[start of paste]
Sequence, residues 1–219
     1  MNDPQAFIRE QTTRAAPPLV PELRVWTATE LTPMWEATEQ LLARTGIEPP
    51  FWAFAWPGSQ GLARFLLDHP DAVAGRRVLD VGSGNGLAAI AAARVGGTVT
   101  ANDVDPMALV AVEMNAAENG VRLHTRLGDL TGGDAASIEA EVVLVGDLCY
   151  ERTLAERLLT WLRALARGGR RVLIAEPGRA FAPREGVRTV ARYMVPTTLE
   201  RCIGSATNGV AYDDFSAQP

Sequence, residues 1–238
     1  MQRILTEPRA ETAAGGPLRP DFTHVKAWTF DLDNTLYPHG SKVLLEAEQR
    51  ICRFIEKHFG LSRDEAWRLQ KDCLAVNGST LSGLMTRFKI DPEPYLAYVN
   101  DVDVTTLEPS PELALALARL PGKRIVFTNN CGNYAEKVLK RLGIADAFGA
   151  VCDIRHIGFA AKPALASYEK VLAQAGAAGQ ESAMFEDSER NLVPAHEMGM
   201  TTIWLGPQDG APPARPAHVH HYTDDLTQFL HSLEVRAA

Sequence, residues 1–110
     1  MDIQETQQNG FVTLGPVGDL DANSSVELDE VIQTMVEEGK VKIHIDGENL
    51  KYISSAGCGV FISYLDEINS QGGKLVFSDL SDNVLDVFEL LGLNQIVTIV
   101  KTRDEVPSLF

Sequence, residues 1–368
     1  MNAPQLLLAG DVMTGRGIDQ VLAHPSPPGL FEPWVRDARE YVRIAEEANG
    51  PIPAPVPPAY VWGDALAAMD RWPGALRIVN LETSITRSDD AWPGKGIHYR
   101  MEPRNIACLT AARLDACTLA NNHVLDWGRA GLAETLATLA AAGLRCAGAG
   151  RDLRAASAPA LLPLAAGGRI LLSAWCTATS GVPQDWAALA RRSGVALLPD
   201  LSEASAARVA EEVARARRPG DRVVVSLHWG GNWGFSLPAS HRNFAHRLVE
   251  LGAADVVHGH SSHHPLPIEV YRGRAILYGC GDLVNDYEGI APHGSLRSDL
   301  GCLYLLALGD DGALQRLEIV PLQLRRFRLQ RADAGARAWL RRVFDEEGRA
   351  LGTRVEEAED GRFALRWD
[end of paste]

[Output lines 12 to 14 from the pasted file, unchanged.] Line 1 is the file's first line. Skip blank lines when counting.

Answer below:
   201  TTIWLGPQDG APPARPAHVH HYTDDLTQFL HSLEVRAA

Sequence, residues 1–110
     1  MDIQETQQNG FVTLGPVGDL DANSSVELDE VIQTMVEEGK VKIHIDGENL